Apple Turns to Wearables, Services as Its Next Bastions of Growth
Apple may still churn out beautifully designed and often coveted smartphones, but when it comes to the future of the company, Tim Cook is hanging his hat on the Apple Watch and the accompanying health apps and features that come with it.
During a conference call to discuss fourth-quarter earnings with Wall Street CEO, Cook said he sees wearables as the future of the Cupertino, California tech giant. "There will be a day in the future that we look back and Apple's greatest contribution will be to people's health," he said, according to a transcript of the earnings call.
Apple Watch has saved lives before
Apple's Watch has already been credited with helping people avoid heart attacks and other ailments.
In Late September news broke that if it wasn't for an alert a UK man received from the Apple Watch about an irregular heartbeat he would have suffered a stroke or heart attack. Meanwhile in March of 2018 reports surfaced that the Apple Watch alerted a teenager in Tampa Bay, Florida after her resting heart rate jumped to 190 beats per minute. She was rushed to the hospital where doctors said her kidney was failing and had it not been for the quick intervention she may have died.
For the three months completed at the end of September, Apple said growth in the quarter was driven by services, wearables and the iPad, not the iPhone. “We concluded a groundbreaking fiscal 2019 with our highest Q4 revenue ever, fueled by accelerating growth from Services, Wearables and iPad,” said Cook said in prepared remarks. The strength in those businesses was enough to enable Apple to beat Wall Street's targets on revenue and earnings and provide an outlook for the fiscal first quarter that is higher than what Wall Street is looking for.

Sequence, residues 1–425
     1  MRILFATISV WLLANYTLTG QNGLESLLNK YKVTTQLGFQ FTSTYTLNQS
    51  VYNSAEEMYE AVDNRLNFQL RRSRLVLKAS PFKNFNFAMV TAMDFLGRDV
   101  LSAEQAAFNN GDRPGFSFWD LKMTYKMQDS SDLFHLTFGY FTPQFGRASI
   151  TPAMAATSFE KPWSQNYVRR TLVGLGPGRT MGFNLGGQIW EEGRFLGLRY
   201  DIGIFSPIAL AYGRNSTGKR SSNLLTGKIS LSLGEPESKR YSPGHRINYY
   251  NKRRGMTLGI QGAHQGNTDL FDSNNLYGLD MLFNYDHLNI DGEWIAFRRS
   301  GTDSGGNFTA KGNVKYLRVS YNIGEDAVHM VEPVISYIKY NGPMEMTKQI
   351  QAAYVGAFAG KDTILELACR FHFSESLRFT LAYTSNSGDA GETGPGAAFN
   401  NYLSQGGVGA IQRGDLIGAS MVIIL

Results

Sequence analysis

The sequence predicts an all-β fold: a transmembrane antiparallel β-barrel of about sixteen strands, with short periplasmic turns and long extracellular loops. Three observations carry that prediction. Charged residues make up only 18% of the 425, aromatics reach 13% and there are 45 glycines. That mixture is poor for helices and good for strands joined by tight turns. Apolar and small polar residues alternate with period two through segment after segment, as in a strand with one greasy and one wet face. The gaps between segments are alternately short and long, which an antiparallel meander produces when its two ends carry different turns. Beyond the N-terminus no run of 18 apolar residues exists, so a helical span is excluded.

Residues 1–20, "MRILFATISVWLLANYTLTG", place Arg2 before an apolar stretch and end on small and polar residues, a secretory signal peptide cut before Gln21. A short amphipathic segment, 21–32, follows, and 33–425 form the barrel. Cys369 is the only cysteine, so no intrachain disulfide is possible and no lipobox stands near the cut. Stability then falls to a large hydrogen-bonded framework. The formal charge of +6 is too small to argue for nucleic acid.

The company, which has been pouring tons of money into its services business which includes its iTunes, iCloud, Apple Arcade and its upcoming Apple TV Plus streaming content service, said subscriptions grew 40% in the fourth quarter compared to last year. As it stands, there are now 450 million paid customers subscribing to Apple's services.
“Outside of iPhone, we grew 17% year on year and underneath that, wearables were well over 50%, continuing the strong momentum of accelerating that’s driven by Apple Watch and AirPods,” Cook told CNBC. He noted that the wearables business increased in every market across the globe during the quarter.
iPhone sales fail to impress
While Apple is seeing strong growth outside of the iPhone, that part of the business is still struggling. In the fourth quarter, iPhone sales were 9% lower than a year ago. Still, it is an improvement from quarters past when revenue in that area of its business dipped as much as 15%, according to CNBC. Mac revenue also declined during the quarter, nearly 5%. For its first quarter, Apple is forecasting revenue of between $85.5 billion and $89.5 billion, higher than the $84.3 billion it had in last year's fiscal first quarter.